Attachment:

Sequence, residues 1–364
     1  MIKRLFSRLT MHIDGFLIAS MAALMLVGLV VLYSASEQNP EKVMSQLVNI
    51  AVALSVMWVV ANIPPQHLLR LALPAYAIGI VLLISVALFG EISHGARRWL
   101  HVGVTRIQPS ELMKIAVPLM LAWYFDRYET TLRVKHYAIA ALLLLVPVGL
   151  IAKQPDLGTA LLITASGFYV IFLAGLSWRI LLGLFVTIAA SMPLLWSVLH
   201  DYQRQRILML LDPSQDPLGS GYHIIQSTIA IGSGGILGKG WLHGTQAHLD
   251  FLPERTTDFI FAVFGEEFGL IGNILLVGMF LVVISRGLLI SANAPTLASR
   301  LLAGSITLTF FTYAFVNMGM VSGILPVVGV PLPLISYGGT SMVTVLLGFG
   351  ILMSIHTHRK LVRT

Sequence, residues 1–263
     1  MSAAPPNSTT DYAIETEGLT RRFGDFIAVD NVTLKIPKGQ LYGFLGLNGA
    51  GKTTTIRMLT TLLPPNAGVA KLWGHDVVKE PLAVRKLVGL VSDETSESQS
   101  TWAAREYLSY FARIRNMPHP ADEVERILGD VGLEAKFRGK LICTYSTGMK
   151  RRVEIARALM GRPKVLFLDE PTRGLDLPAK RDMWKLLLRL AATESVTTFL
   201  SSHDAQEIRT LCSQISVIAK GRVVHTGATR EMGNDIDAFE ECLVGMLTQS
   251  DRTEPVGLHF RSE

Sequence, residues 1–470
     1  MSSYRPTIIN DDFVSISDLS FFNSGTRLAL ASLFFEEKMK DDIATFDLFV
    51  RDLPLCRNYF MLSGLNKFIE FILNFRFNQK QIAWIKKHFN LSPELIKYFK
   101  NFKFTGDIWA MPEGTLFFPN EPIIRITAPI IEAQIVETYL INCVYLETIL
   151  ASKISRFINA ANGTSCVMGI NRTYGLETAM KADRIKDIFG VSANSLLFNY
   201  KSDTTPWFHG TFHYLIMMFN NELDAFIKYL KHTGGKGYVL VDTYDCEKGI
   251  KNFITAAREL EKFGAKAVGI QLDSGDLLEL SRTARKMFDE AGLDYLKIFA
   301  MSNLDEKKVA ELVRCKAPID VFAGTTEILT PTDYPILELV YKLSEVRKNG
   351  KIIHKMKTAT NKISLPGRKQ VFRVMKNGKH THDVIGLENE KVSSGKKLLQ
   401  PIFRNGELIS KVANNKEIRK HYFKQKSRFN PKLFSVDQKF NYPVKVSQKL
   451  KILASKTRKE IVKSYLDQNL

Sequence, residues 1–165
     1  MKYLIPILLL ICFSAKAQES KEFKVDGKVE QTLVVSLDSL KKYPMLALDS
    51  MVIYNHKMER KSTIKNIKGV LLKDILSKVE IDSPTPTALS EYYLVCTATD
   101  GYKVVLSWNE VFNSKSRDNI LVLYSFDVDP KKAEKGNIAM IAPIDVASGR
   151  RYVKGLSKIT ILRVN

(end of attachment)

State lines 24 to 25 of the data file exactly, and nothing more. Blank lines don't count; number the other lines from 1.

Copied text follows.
   301  MSNLDEKKVA ELVRCKAPID VFAGTTEILT PTDYPILELV YKLSEVRKNG
   351  KIIHKMKTAT NKISLPGRKQ VFRVMKNGKH THDVIGLENE KVSSGKKLLQ